Tuesday, May 05, 2009

Twittering away our common humanity?

A new study suggests that our increasing reliance on 'e-communication' is eroding our ability to empathize. Amanda Gardner's April 14 article for HealthDay reports on a study done at the University of Southern California in which "13 volunteers [were asked] to listen to 50 'real-person,' 'real-life' narratives, each 60 to 90 seconds long and including a verbal component as well as pieces from television, the Internet, documentary film and radio."

Some of these narratives were designed to elicit admiration "for virtue or skill" while others were designed to evoke compassion "for social/psychological pain and physical hurt." The volunteers -- who were not apprised of the intended responses -- were asked to describe how they felt after viewing each piece. The volunteers' brains were also subjected to functional magnetic resonance imaging.

The researchers found that "stories of virtue or social pain" provoked responses "in as little as six to eight seconds, but responses to stories of physical pain took less than a second to kick in." On the other hand, "the responses to virtue and social pain last longer." What does that mean?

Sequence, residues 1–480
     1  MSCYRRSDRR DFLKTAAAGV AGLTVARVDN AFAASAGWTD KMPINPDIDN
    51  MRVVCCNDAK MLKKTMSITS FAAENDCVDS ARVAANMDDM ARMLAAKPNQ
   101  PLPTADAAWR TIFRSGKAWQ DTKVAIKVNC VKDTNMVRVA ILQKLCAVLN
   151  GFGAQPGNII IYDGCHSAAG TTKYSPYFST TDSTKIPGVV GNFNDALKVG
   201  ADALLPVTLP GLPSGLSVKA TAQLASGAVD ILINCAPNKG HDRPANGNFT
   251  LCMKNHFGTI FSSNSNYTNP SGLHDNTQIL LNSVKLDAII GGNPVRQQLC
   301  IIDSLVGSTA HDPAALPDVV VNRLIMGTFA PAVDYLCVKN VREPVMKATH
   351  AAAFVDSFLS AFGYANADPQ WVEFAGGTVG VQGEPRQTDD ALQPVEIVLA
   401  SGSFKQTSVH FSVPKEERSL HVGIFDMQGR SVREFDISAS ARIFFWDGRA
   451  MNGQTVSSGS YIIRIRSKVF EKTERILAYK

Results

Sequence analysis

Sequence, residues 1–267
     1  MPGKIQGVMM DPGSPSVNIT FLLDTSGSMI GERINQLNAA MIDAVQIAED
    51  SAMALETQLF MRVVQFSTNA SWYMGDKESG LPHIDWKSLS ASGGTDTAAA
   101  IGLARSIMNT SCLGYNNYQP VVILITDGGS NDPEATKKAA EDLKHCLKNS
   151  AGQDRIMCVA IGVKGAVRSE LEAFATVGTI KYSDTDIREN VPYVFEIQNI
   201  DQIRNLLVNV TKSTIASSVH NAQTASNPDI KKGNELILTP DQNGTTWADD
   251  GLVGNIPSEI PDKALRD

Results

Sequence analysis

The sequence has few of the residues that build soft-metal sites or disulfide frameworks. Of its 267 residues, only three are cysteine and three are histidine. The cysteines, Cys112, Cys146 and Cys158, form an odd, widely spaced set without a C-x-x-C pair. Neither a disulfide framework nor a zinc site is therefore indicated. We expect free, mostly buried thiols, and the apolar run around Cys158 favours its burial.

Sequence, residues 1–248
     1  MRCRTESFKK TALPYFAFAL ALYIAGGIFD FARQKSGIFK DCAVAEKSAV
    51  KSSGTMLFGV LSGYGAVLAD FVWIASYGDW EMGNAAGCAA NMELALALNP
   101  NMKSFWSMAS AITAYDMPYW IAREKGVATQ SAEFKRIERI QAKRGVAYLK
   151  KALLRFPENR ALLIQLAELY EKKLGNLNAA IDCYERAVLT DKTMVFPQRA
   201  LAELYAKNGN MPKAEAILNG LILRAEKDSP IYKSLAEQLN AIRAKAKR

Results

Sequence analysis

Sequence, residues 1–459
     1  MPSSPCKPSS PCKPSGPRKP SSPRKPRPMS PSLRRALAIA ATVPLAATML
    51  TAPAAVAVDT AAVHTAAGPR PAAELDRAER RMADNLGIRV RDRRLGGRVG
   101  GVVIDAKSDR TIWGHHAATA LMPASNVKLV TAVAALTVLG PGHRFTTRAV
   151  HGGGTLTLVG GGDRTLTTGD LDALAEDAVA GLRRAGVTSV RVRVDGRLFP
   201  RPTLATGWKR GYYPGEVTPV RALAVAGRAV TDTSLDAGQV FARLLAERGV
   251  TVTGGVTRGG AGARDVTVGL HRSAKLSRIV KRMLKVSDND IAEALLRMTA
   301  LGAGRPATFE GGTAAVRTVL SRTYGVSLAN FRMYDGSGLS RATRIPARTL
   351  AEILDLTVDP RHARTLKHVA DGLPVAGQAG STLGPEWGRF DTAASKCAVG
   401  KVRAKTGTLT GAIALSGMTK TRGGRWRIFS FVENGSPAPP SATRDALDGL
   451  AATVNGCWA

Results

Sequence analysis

According to the USC study, it may mean that people are becoming hardened "to the images of pain and suffering that litter modern-day media." This is a de-humanizing... and disturbing trend. How do we get past this? The study suggests "teaching and cultural forms, not to mention adequate pause for reflection, could help counteract this trend and lead people back toward a fuller relationship with their fellow men and women."

In other words, look at people occasionally... not just at their pictures.


Empress Bee (of the high sea) said...

okay curmy, i will try...

smiles, bee

Barb said...

I think people ARE becoming jaded for the very reasons you mention.

sari said...

People rely on the internet for their communication, and hide behind it so they can be mean because it's not like they "know" the people they're ripping to shreds...but they can and do anyway. Anyone can and does write whatever they want about anyone else, regardless of whether they know anything at all about what or who they're talking about.

Jean-Luc Picard said...

People still communicate more because of the internet, and keep in touch with friends they may not otherwise.

landgirl said...

Or how about the other thread from this how about the media stop "littering" with scenes of abuse and pain and all things awful.
just a thought.